Anger is a signal to us that we need to pay attention. It's like pain. Without it, we may not notice we have an injury. The presence of anger is telling us we should stop and assess otherwise we may continue to get hurt or we may hurt someone else.

The anger may be due to a variety of reasons:

It may be that our boundaries are being pushed.

Or that our arousal/activation level is too high from too much stress to our system.

Your anger is valid and there is a real reason for it. However, it is up to us to use it in a constructive way.

We know now that the old adage of "getting anger out" by punching something or yelling doesn't work. It can increase our arousal and make us feel more angry and out of control. What is more effective is to be aware of the anger whilst also containing it to a level that is manageable (under 5 on a scale of 0-10). We can do this by following 3 steps:

(1) The first step to managing anger is to name and normalize it.

"I'm angry. I'm human. Sometimes humans get angry. I'm normal."

(2) The next step is to notice how it's affecting your body and behaviour.

"I can't get dinner on the table because I'm so consumed with anger. My body is so tense. I'm yelling at the kids."

When we acknowledge our anger and describe what is happening to us it automatically becomes more manageable.

(3) The final step is to use skills to contain the anger. This might be doing some diaphragm breathing. Or taking a real break. Or thinking about why the person who is making your angry is acting the way they are in order to develop compassion.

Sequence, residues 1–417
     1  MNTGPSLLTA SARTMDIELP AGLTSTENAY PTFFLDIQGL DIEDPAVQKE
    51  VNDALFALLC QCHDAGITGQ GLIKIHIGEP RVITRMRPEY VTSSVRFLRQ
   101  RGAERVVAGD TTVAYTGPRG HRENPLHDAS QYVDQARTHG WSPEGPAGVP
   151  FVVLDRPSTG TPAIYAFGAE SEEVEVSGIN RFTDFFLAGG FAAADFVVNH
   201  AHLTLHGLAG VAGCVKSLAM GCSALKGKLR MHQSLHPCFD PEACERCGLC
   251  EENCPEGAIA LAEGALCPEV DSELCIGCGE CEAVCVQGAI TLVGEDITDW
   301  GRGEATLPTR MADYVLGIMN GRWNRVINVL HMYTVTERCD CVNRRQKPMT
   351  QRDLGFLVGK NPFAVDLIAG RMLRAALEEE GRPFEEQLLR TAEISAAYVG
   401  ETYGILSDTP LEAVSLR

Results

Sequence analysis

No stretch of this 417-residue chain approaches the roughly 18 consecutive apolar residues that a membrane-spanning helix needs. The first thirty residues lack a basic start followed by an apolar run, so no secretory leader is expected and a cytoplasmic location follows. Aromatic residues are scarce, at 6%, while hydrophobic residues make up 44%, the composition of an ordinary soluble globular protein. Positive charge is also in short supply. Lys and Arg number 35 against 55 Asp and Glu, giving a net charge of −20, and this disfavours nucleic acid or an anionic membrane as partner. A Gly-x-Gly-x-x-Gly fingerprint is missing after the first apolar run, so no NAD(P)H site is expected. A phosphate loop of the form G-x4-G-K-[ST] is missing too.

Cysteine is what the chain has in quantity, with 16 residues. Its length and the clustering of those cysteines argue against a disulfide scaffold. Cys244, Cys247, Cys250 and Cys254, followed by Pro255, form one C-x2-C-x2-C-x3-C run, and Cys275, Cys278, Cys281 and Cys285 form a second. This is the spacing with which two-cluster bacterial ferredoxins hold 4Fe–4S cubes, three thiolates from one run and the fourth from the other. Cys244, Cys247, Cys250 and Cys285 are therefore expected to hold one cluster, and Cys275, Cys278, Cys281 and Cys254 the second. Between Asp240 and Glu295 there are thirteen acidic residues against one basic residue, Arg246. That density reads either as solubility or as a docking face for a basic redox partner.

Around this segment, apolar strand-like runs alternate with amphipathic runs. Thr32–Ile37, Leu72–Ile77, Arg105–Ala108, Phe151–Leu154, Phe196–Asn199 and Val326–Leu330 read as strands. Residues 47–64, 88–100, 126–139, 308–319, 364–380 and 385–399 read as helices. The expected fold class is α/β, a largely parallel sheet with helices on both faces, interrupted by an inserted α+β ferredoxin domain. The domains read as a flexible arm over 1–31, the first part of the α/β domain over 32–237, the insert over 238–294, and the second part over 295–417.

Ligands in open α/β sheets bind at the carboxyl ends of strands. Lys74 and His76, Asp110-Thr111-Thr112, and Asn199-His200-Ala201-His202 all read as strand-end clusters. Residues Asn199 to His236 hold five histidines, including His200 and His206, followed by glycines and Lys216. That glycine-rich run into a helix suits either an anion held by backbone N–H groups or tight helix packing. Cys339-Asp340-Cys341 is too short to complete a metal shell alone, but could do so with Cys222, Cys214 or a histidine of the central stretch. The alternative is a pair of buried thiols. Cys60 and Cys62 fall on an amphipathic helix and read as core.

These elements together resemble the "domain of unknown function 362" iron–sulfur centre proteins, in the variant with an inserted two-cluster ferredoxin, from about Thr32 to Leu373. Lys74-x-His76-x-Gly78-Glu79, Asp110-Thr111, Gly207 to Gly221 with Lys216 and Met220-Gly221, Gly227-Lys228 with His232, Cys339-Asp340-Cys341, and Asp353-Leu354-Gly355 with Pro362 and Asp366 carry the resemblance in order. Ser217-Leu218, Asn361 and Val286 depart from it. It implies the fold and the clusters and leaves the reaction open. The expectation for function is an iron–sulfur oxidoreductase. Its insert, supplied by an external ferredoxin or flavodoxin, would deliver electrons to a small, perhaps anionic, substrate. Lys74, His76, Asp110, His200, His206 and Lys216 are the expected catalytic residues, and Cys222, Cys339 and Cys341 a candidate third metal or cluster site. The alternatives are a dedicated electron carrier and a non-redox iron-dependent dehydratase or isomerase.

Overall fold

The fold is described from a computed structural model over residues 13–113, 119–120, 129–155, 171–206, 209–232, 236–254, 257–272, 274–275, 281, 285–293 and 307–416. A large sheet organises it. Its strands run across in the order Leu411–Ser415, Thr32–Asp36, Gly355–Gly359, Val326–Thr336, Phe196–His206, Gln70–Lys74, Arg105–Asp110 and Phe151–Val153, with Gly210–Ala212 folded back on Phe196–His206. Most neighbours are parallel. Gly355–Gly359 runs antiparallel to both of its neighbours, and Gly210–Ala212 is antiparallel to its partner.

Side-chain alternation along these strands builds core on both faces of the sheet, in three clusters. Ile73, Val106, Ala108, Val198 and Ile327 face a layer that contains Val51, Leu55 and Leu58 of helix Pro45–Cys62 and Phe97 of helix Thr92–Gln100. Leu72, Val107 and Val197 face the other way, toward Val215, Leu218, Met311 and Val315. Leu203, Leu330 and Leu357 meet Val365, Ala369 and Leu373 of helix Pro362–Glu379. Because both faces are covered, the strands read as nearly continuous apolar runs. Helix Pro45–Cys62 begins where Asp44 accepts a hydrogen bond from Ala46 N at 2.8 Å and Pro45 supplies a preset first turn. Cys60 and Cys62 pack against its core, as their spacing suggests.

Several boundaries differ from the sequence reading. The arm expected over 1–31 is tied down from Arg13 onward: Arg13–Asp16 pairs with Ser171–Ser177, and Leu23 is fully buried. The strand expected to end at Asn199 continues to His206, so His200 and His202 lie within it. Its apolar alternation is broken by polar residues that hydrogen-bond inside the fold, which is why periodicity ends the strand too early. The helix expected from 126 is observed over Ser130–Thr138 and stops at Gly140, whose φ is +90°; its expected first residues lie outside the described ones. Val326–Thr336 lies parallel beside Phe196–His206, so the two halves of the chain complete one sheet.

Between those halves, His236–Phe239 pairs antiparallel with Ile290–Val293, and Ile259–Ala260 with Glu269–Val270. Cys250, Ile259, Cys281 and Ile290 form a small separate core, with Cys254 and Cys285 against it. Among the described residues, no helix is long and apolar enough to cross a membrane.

When we use skills to help us pay attention to anger while also containing it we are able to ride it out and eventually it will turn into a new emotion. Emotions are like waves; we can always trust that they will peak and come down and turn into another emotion. Often a more visceral, vulnerable emotion like sadness or fear is underlying anger. 

If these steps are not working you may need help noticing earlier on when you are starting to feel angry and apply skills as soon as you notice.

If anger is ruling your thoughts and behaviour or others are saying it's becoming a real problem you might want to get some assistance with it by coming into a counselling session.  There are often good reasons that anger is your go-to feeling; You may be protecting yourself from more vulnerable feelings like fear and sadness and counselling can help you get insight around that. It is also a safe place to practice new skills to contain the anger.

References: Najavits, L.M. (2002). Seeking Safety: A treatment manual for PTSD and substance abuse. Guilford.

Address: 406-555 6th street, New Westminster, V3L 5H1
Natalie Hansen, MA, Registered Clinical Counsellor ...

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